Note from Editor-in-Chief William O. Roberts
As I write for this issue of Current Sports Medicine Reports (CSMR), the nation seems at the brink.My home city has been the site of two high profile shootings in the past year. What seems like good relationships on the field of play and in the locker room do not translate to daily life for many of our athletes. I hope that we can come together in all walks of life to build a stronger society and country on and off the playing field.
This is the end of summer issue. Football and fall sports start up for many of you in days to weeks, schools go back into session, and the days are getting shorter. The summer Olympic Games also will be held in Rio de Janeiro from August 5 through August 21. I am sure many of you are looking forward to watching the competitions and some of you have athletes in the mix. Our wishes for success to all the athletes involved. Zika virus and the Rio Olympic Games will be forever linked in the annals of infectious disease and epidemiology. Shadgan and colleagues have contributed a special communication and a quick review to update you on the problem for your athletes and spectators attending the games with the latest recommendations for care. Our Clinician Profile features Robert E. Sallis, MD, FACSM, the founding editor-in-chief of CSMR, past ACSM president, and ACSM member since 1993. Bob is the face of ACSM's Exercise is Medicine® initiative and serves as the section editor for this topical area of the journal.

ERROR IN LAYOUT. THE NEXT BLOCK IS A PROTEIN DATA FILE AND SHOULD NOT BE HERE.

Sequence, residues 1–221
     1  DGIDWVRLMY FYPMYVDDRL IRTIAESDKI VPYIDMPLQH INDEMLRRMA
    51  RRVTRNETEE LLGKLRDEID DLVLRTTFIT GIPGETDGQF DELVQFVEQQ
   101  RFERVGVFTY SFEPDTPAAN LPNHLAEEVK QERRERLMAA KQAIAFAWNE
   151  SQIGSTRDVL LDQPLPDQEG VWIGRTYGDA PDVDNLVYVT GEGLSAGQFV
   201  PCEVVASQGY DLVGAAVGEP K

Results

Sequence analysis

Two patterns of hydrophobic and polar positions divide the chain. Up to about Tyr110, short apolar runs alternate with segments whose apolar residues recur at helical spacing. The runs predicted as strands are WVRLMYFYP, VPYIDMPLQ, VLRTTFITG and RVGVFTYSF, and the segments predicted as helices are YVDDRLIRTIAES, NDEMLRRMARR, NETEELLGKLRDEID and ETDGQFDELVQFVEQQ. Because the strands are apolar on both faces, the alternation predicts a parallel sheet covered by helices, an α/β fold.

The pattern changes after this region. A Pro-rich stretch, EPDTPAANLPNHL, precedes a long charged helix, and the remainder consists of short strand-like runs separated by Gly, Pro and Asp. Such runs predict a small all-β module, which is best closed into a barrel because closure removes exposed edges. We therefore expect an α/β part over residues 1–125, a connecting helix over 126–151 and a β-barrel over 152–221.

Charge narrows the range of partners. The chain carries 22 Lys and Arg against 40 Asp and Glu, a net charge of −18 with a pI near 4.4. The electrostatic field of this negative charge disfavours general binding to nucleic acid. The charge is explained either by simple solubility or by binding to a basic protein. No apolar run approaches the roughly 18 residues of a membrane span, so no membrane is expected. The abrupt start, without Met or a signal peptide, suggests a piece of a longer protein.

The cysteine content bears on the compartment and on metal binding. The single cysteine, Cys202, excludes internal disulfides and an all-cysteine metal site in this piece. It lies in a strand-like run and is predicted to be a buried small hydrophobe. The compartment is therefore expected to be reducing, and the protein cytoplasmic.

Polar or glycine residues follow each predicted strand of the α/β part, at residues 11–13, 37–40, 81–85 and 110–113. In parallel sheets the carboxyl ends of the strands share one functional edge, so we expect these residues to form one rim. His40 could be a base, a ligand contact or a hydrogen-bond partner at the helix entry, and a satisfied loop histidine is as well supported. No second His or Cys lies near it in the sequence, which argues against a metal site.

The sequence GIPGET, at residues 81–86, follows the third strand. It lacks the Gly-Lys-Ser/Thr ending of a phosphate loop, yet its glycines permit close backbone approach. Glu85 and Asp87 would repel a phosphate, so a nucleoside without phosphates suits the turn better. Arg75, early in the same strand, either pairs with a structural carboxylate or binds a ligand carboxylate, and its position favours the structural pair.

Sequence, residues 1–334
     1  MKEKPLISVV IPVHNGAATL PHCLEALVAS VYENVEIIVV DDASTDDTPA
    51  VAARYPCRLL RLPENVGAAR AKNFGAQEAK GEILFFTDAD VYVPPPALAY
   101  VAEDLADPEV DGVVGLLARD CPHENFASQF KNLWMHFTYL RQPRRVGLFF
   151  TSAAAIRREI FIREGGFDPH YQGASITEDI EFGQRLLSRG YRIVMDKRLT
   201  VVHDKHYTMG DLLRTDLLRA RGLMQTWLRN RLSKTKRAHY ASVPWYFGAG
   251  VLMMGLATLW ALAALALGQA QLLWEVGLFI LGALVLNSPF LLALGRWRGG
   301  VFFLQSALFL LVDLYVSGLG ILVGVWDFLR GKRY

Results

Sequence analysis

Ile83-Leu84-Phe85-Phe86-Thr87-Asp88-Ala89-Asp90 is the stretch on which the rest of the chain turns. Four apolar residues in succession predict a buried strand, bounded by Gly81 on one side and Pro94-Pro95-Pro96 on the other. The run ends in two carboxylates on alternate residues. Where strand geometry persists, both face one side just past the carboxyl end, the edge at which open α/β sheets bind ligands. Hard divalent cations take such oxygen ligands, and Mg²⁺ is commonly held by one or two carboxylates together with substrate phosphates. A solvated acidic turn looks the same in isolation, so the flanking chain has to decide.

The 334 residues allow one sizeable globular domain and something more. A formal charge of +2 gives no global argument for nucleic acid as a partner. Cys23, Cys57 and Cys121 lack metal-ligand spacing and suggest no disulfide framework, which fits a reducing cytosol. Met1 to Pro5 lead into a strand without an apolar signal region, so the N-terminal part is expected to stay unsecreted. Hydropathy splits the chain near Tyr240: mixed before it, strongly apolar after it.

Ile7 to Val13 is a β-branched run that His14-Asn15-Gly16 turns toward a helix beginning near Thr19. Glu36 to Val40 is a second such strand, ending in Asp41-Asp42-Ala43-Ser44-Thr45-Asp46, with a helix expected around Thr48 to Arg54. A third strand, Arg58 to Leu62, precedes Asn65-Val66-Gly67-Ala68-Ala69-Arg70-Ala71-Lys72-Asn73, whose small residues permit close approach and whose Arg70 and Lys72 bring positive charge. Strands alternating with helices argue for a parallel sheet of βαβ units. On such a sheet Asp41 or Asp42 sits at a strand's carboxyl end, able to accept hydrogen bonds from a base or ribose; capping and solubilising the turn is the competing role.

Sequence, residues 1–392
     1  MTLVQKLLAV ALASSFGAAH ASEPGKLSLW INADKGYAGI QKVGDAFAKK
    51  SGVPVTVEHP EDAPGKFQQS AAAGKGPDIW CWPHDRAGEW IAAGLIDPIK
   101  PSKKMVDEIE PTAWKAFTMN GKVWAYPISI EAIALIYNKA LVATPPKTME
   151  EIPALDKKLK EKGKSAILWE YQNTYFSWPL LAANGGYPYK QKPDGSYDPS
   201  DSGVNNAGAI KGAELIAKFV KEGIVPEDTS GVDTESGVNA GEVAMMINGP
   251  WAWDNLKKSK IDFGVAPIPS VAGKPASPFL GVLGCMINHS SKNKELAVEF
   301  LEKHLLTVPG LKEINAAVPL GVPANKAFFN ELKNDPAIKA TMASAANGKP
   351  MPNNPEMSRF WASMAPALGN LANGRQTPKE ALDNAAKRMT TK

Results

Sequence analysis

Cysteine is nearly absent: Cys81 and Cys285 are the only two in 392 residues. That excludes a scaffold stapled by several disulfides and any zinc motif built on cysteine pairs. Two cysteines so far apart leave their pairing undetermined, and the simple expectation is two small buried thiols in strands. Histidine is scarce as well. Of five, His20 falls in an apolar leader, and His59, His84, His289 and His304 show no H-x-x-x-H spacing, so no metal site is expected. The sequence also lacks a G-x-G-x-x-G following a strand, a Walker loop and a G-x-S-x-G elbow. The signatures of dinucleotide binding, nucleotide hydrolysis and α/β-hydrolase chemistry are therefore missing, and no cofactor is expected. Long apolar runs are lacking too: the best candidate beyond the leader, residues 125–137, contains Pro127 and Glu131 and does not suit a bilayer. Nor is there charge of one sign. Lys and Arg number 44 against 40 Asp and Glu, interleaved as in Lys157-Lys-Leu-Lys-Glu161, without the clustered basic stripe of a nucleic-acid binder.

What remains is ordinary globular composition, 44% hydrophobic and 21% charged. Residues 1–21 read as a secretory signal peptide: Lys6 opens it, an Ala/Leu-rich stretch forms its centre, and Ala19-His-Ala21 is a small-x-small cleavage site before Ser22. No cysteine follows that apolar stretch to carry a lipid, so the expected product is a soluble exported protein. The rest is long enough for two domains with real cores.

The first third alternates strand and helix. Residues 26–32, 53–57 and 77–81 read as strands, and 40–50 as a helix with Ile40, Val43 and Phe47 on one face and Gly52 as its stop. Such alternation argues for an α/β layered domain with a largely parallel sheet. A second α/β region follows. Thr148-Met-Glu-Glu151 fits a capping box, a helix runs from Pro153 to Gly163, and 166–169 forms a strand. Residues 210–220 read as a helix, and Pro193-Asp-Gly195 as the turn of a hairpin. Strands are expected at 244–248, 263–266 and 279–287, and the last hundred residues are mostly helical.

This issue covers Nutrition & Ergogenic Aids and Exercise is Medicine® topics with a little something for every reader. For starters check out the important invited commentary entitled, "Minds Matter: Concussion Care for Children," by Christina L. Master, MD, CAQSM and Matthew F. Grady, MD, CAQSM.
The Nutrition & Ergogenic Aids section under the direction of Section Editor Thomas H. Trojian, MD, FACSM, features informative articles about recent developments in the use of sodium bicarbonate as an ergogenic aid; the effect of high-intensity intermittent exercise on young people's cardio-metabolic health and cognition; nutrition and supplements for elite open-weight rowing; and commercial hype versus reality of gluten and athletic performance. Exercise Science of the Brain is the featured basic science topic for the 2017 ACSM Annual Meeting in Denver where there will be more on exercise and brain health.
Dr. Sallis has coordinated a wide ranging segment of Exercise is Medicine® where you will learn more about how to sell exercise so patients want to buy it, the impact of fitness on surgical outcomes; promoting physical activity among underserved populations; and intradialytic exercise is medicine. To save you from having to google "intradialytic" like me,it is simply "during dialysis," and not a term from Star Wars. The 2017 World Congress on Exercise is Medicine® in conjunction with ACSM's Annual Meeting will expand on many of these topics.
Pearls & Pitfalls looks at venous thromboembolism (VTE) in athletes and offers valuable lessons from the Chris Bosh story. VTE is under appreciated in athletes who can be at higher risk than we often anticipate. Scanning Sports Medicine covers the latest clinical research published by ACSM, and Web Alerts reviews several interesting Web sites. CAQ Review covers exercise during pregnancy and Clinical Pearls discusses spontaneous osteonecrosis of the knee.
I hope you find this issue of CSMR helpful for your daily practice, and you have a great summer.
William O. Roberts, MD, MS, FACSM